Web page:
There are many online learning tools and opportunities to learn about the bystander approach. This section lists a selection of the many tools available.
Bystander Intervention: Focusing on Social Justice (recorded webinar) by PreventConnect. In this 1.5 hour long recorded webinar presenters discussed bystander intervention strategies and how social justice is linked to this work.
PreventConnect Wiki on Bystander Intervention (webpage) A user generated web site with information about developing, implementing and evaluating bystander intervention efforts.
Changing Perceptions of Sexual Violence Over Time, an Interview with Karen Baker (podcast) by Karen Baker, for VAWnet, (2012). On this podcast, Karen Baker, the director of the NSVRC and the advocate consultant for the VAWnet Applied Research Paper titled Changing Perceptions of Sexual Violence Over Time, discusses her reflections on the content of the paper.
Beyond Bystander Intervention: Addressing Power-Based Violence and Rape Culture on the College Campus (podcast) by Vickie Sides, Rachel Caidor and Sari Lipsett for PreventConnect (2014). (19 min) This podcast reflects on the session entitled Beyond bystander intervention: Addressing power-based violence and rape culture on the college campus held at the 2013 National Sexual Assault Conference. This podcast discusses moving the conversation beyond individual change behavior models to models that engage intervention more broadly.
Interview with Joan Tabachnick on Engaging Bystanders in Sexual Violence Prevention (podcast) by Joan Tabachnick for PreventConnect (2010). (11 min) In this interview, Joan Tabachnick talks about Engaging Bystanders in Sexual Violence Prevention booklet she wrote for the NSVRC. She also talks about the practice of teaching bystanders to intervene, and about her role as the editor for the NSVRC’s Letters to an Engaged Bystander Blog.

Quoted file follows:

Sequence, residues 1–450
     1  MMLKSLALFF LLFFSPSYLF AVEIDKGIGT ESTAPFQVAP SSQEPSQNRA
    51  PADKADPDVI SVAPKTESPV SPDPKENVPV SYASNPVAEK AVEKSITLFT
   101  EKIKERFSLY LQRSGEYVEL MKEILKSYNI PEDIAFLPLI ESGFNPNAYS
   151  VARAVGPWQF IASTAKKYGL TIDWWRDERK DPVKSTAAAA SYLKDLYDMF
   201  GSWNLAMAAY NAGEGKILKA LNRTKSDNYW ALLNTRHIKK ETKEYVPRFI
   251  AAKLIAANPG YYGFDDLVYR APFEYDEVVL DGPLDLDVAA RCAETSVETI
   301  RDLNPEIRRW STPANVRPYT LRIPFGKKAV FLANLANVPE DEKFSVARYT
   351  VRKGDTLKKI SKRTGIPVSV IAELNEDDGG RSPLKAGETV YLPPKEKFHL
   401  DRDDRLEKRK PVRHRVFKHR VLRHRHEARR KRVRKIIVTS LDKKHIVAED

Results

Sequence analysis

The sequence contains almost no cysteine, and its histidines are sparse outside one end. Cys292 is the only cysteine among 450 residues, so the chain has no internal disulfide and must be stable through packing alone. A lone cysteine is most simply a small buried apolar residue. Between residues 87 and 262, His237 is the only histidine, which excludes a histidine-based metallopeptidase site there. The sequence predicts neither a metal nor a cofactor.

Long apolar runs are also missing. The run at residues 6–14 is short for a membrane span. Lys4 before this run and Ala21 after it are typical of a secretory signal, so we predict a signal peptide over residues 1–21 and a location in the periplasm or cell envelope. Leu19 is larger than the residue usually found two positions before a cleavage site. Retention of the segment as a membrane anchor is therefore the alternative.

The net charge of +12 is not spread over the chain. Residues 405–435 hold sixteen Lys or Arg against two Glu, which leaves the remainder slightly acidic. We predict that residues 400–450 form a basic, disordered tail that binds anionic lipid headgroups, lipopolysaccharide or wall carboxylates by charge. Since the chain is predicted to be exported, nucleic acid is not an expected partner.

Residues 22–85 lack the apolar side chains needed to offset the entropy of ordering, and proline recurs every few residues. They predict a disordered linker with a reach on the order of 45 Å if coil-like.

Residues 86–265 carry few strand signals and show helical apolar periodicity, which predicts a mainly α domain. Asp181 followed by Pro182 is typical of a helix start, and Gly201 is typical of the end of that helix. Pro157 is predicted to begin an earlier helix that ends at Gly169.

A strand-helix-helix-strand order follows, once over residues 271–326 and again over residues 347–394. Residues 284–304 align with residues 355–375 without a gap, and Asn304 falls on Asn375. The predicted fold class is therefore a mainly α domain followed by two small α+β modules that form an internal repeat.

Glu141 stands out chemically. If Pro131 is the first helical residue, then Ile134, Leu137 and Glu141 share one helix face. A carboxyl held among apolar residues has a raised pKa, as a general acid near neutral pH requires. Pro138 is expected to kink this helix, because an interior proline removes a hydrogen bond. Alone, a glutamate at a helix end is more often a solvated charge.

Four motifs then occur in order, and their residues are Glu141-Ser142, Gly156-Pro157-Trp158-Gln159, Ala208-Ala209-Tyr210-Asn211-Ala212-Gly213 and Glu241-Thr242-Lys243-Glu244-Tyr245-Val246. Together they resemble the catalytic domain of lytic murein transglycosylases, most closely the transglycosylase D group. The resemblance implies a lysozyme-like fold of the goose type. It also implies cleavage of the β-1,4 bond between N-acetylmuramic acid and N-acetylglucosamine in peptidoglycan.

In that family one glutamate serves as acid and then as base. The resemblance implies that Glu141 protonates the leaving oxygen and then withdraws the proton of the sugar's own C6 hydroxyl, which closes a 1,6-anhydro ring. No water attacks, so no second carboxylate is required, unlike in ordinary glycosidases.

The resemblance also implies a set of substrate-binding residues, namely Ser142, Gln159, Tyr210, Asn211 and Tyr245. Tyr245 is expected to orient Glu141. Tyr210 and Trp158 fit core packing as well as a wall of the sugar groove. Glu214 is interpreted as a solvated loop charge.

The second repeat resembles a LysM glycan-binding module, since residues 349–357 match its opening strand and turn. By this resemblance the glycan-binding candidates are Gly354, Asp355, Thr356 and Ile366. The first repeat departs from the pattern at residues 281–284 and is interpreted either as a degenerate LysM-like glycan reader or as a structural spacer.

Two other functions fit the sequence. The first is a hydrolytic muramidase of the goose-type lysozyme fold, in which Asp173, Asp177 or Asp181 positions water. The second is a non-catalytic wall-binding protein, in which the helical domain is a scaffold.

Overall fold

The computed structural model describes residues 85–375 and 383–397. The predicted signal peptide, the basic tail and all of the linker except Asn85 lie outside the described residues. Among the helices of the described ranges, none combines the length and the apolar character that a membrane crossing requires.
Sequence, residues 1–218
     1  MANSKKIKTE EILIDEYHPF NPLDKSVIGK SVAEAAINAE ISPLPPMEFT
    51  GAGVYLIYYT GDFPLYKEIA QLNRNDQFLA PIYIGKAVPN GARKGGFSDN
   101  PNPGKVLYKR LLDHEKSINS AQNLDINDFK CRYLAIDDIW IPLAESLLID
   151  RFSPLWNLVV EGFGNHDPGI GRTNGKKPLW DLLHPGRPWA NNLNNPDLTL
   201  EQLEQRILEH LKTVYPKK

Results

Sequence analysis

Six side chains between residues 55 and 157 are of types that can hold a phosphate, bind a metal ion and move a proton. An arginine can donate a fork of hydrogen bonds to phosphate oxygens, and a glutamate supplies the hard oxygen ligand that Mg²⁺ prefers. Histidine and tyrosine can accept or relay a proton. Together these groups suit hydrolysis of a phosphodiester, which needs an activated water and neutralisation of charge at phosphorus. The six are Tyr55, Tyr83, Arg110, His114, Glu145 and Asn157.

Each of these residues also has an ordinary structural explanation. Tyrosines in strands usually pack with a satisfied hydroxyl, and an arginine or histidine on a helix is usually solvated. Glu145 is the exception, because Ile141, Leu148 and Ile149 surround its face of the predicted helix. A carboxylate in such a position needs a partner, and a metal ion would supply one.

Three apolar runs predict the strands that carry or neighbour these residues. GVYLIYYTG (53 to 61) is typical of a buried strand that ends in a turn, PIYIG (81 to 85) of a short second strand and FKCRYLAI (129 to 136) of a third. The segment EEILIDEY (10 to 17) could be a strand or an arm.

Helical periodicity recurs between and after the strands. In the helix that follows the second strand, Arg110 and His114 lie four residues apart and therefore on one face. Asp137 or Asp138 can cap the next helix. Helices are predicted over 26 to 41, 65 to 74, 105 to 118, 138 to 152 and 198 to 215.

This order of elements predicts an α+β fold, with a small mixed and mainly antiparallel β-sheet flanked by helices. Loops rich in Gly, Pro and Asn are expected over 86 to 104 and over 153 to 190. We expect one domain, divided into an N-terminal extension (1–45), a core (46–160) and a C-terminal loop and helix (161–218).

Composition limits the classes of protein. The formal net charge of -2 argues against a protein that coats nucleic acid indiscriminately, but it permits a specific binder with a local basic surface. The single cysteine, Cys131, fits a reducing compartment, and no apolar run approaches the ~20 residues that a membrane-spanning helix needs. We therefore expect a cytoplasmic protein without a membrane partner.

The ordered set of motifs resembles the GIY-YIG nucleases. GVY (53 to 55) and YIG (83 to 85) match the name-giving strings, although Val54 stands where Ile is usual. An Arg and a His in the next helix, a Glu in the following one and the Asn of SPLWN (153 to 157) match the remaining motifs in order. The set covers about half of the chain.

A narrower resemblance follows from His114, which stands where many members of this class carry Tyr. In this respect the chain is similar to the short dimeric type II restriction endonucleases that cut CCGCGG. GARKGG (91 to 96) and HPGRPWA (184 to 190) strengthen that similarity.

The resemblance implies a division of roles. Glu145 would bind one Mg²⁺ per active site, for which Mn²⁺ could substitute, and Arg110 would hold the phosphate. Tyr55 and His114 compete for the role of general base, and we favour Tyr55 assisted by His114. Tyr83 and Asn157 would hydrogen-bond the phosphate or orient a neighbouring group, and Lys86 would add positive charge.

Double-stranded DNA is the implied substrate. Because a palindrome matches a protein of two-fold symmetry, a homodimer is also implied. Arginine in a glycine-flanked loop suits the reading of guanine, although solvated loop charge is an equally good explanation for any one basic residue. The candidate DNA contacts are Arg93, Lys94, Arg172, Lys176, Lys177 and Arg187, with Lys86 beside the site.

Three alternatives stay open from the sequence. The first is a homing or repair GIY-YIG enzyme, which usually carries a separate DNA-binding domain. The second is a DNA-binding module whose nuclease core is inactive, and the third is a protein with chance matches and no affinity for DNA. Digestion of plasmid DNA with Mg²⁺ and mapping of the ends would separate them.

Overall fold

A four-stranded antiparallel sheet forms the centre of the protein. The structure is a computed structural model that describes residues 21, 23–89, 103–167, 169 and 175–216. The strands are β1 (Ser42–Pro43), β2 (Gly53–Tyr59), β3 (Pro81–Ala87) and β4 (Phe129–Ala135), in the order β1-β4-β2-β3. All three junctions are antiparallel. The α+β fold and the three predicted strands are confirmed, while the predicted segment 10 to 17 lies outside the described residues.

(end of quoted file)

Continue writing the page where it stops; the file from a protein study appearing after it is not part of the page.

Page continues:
Engaging Bystanders in Sexual Violence Prevention (online course) by The New England Adolescent Research Institute Inc. (NEARI) (2011). This 1-2 hour online course was written by Joan Tabachnick and sponsored by the NSVRC is based on the NSVRC publication by the same name. The course provides the basics on how to engage friends and family in the prevention of sexual violence. A certificate of completion for one hour of coursework is available.
Podcast: Preventing Sexual Aggression Among College Men (podcast) by Christine Gidycz and Alan Berkowitz for Prevent Connect (2011). This 17 minute Prevent Connect podcast discusses the article, Preventing Sexual Aggression among College Men: An Evaluation of a Social Norms and Bystander Intervention Program, which appears in the June 2011 edition of the journal, Violence Against Women.